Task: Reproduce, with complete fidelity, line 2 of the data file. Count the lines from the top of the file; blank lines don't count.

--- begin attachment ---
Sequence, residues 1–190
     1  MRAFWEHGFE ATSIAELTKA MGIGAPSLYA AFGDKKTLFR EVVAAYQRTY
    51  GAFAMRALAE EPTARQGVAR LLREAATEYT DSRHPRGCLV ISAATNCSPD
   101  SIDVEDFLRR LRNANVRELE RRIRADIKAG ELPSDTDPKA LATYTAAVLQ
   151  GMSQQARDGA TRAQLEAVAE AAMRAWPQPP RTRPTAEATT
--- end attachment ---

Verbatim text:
     1  MRAFWEHGFE ATSIAELTKA MGIGAPSLYA AFGDKKTLFR EVVAAYQRTY